A JD Supra report delivers some salve for contractors: the US Court of Appeals decided to overturn a ruling that let an insurer off the hook for paying out a contractor's General Liability Insurance claim. Here's the scoop.
The report states the contractor Kiker failed to:
- Replace a roof's gypsum panels with plywood.
- Install felt under the shingles.
- Properly cover the flashing where the roof and brick wall met.
This questionable work led to a slew of property damage, so the property owner sued Kiker over the cost of repairs and was awarded $350,000. Naturally, the contractor sought coverage through his General Liability policy, but the provider Penn National Insurance filed for a judgment to remove its obligation to pay for the claim. The insurer argued the policy doesn't address claims over an implied breach of warranty, which is one of the arguments the property owner made.
The report states a court originally granted Penn National that judgment, but the Court of Appeals had other ideas. It noted…
- The property damage caused by faulty work could be interpreted as an accident (the contractor didn't work on the damaged sections, after all), which is something GL can cover.
- The policy can cover repairs the property owner had to make.
- The policy's "contractual liability exclusion" doesn't cover all breach of contract claims.
The court ruled that in light of these elements, the insurer has to pay for the full amount of the contractor's judgment.
That's good news for this contractor, but what does it mean for your business? Let's find out.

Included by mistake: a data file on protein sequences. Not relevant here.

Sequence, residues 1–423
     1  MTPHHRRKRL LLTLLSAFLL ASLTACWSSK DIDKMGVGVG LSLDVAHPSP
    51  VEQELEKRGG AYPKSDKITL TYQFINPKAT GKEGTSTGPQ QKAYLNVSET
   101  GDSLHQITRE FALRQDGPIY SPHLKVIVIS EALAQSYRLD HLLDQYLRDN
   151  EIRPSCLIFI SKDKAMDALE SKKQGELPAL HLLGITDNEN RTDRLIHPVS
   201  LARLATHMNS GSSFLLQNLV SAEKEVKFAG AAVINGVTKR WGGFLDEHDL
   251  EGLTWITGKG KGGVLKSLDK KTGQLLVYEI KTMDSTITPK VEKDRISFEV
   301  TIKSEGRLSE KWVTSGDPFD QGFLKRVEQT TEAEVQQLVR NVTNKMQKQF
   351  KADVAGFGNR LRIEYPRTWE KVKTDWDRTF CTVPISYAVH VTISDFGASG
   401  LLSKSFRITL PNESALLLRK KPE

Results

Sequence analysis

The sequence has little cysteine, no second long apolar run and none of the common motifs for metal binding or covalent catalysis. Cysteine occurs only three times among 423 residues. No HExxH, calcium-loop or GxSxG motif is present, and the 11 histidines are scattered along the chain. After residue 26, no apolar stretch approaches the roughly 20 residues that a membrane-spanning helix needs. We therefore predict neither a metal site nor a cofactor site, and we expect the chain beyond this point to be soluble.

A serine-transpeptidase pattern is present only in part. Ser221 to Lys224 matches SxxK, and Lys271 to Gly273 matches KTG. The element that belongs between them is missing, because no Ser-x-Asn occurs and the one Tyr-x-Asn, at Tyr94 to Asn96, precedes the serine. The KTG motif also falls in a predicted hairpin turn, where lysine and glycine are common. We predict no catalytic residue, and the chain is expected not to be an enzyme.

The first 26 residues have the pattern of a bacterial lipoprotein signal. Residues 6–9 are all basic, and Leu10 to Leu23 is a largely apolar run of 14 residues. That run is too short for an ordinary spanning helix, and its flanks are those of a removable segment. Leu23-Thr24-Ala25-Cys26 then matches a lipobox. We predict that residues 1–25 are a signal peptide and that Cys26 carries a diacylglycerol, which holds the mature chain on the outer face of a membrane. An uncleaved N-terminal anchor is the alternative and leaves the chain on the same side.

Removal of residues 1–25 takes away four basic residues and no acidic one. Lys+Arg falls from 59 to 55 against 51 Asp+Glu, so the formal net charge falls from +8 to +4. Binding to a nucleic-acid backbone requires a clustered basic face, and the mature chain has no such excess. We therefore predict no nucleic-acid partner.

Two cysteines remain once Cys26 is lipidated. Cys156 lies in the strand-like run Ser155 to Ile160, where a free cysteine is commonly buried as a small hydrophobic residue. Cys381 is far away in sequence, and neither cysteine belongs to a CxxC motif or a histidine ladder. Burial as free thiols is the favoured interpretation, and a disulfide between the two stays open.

Broader General Liability Coverage Is Never a Bad Thing
The most exciting part about this ruling is that it could set a precedent for how General Liability coverage may be applied and interpreted. That doesn't mean all courts will follow suit, but it is heartening to hear judicial decision makers are opting to err on the side of giving contractors more protection, not less. (Related reading: "FL Bill Would Shorten Contractors' Liability.")
That's especially worthwhile news considering your General Liability Insurance is often the policy you rely on to address claims over construction work. Many policies can provide legal expense coverage when your business is sued over:
- Completed products or operations.
- Third-party bodily injuries.
- Third-party property damages.
To learn more about the necessity of this coverage, read "Construction Insurance: Why You Need It."
Reminder: No Ruling Replaces the Need to Read Your Policy
Even if a court ruling expands insurance protection, it's important to always read your policy and understand its provisions. When you sign up for General Liability Insurance or renew your policy, be sure to ask your agent about:
- Your policy's exclusions (i.e., situations where coverage doesn't apply).
- The incidents your policy can cover.
- Filing provisions so that your claim isn't rejected on a technicality (e.g., late filing).
It's better to understand what your policy can and can't do now than to be surprised later.
If you have other insurance questions, feel free to contact our contractor insurance agents at 800.688.1984 or submit a question via our Ask a Question form.